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EPA Chemical Phase Out Date Emphasizes Importance of Participating In TSCA Implementation

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Recent developments from EPA reinforce how important it is for companies to keep a close eye on implementation of the Toxic Substances Control Act (TSCA) as the statute’s overhaul, by the Frank R. Lautenberg Chemical Safety for the 21st Century Act amendments, moves into its fifth year. The message to take home is that TSCA chemical rulemakings can affect more than the chemical manufacturers – they can also affect chemical users and imported and distributed articles.

The importance of this point was emphasized earlier this week, when, after hearing from electronics companies and other importers that the March 8, 2021 effective date of a prohibition on the processing and distribution of PIP (3:1) for use in articles was unfeasible, EPA announced it would exercise enforcement discretion for six months. EPA’s temporary 180-day “No Action Assurance” states the Agency will not pursue enforcement around PIP (3:1) in articles, or articles to which PIP (3:1) has been added, to allow companies to assess their supply chain. EPA also announced it may extend the compliance date if needed after gathering more information.

The PIP (3:1) rule is one of five TSCA Persistent, Bioaccumulative, and Toxics (PBT) rules that were finalized by the TSCA deadline of December 22, 2020 and went into effect February 5, 2021. The PBT rules address five chemicals – DecaBDE, PIP (3:1), 2,4,6-TTBP, HCBD, and PCTP – and contain various phase outs, substitution requirements, packaging changes, and other risk management approaches to reduce exposure to these chemicals for the general population, consumers and commercial users, and susceptible subpopulations.

Revealing the Agency may make some tweaks or changes to all five PBT rules, EPA also announced a 60-day public comment period to collect additional input on the final PBT rules. EPA is seeking comments on potential further exposure reductions, implementation issues, and additional or alternative measures or approaches. In particular, EPA notes that it is “seeking comment on specifics of recently raised issues regarding the compliance date for the prohibition on the processing and distribution of PIP (3:1) for use in articles, and PIP (3:1)-containing articles.”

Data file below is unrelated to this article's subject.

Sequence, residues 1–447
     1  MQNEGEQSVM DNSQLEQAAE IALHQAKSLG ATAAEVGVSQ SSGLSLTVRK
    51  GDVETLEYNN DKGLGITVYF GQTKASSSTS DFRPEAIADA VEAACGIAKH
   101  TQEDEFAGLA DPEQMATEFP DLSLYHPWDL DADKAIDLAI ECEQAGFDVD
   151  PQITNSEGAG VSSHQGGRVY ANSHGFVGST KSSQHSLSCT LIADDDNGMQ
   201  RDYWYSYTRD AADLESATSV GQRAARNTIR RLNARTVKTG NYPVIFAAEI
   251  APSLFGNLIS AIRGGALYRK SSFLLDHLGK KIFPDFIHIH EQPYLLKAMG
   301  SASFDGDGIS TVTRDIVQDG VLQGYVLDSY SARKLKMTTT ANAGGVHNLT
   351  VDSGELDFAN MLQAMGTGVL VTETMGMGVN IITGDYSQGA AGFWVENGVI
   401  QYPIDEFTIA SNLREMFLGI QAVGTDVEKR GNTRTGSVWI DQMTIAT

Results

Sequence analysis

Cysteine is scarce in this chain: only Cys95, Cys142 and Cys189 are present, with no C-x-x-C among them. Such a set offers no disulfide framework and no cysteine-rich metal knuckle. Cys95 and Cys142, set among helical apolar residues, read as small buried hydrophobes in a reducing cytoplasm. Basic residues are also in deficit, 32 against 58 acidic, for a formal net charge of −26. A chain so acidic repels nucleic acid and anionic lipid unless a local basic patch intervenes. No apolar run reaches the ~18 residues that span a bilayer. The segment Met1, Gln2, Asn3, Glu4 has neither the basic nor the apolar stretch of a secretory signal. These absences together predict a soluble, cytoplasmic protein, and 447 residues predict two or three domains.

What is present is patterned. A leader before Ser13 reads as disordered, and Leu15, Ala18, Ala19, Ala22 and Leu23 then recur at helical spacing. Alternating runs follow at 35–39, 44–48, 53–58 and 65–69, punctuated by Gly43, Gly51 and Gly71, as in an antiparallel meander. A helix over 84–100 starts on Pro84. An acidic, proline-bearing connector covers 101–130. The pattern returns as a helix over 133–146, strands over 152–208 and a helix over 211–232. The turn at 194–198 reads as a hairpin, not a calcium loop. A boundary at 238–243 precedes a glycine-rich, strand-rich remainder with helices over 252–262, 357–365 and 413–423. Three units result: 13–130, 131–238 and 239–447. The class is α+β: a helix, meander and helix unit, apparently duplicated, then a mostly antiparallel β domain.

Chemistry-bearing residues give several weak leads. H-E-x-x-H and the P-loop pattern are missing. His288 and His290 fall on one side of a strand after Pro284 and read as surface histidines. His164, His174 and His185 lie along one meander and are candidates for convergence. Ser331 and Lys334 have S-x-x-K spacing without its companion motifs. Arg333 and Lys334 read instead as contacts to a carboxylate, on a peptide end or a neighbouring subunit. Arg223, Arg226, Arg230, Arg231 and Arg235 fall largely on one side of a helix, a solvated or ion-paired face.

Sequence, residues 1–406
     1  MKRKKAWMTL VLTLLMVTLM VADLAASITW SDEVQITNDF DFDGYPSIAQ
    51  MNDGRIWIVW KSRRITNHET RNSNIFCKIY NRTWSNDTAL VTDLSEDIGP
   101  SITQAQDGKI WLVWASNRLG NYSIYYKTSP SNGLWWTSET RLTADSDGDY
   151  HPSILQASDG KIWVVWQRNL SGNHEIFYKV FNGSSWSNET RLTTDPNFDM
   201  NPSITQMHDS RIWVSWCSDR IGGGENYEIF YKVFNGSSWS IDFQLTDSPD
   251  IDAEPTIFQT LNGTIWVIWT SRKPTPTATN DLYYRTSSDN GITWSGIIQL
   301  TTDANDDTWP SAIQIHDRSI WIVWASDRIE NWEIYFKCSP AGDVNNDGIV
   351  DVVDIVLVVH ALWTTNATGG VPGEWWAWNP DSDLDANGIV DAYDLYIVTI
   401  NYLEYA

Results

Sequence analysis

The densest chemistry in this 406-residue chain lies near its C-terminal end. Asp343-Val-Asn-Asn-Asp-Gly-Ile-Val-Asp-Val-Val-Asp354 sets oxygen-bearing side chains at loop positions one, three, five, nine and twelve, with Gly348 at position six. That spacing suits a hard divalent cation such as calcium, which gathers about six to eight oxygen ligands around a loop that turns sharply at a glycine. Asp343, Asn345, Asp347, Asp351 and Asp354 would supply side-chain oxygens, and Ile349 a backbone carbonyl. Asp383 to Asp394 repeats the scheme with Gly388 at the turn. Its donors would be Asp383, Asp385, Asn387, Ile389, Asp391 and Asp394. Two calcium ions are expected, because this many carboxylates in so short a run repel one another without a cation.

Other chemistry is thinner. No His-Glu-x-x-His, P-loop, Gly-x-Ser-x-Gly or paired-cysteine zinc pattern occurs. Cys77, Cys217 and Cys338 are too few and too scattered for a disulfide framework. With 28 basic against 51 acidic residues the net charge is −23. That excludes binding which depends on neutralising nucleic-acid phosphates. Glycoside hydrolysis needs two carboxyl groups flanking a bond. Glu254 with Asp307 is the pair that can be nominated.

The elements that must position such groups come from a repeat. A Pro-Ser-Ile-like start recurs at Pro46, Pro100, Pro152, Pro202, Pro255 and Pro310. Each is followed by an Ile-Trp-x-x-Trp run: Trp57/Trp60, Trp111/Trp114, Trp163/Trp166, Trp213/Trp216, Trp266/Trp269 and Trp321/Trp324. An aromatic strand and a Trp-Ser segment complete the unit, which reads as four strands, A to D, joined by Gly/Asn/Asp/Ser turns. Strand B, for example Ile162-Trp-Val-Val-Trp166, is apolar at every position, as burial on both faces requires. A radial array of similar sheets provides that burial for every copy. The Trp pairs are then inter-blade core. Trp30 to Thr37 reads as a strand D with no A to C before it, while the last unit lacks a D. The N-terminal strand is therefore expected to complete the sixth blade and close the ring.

Illustrating the broad reach of TSCA regulations, electronics and electrical companies raised significant concerns about the PIP (3:1) Final Rule’s compliance date and potential disruptions to supply chains throughout the U.S. economy because of the prevalence of PIP (3:1) in their products. These companies needed additional time to identify, replace, and certify the absence of PIP (3:1) in their goods to avoid further disrupting consumer access to their products. This new comment period provides an opportunity for chemical users, like electronics and electrical companies, who may not have participated in the prior PBT rulemakings to ensure they no longer use these chemicals and can meet the rules' various phase out and substitution requirements.

Companies should closely monitor EPA regulatory activities under TSCA going forward. The PBT final rules will certainly affect chemical manufacturers but, as described above, will also have impacts on companies down the supply chain that use these chemicals. Chemical manufacturers and users should be encouraged by the additional opportunity for public comment. In the PIP (3:1) Final Rule, EPA included a number of phase outs and other accommodations for companies that submitted comments during the first public comment period. The automotive and aerospace industries, for example, are allowed to continue the processing and distribution of PIP (3:1) for use in new and replacement parts. Likewise, the rule carves out an exception for PIP (3:1) use in aviation hydraulic fluids.

Industry participation in public comment periods and engagement in the rulemaking process is essential to developing rules that both respond to business realities and still achieve statutory goals. Including counsel in developing and tracking these complex and fast-moving TSCA developments can help a company manage its supply chain, plan, make its issues known, and be ready for the future.

If you have any questions, please contact Alexandra Dunn.

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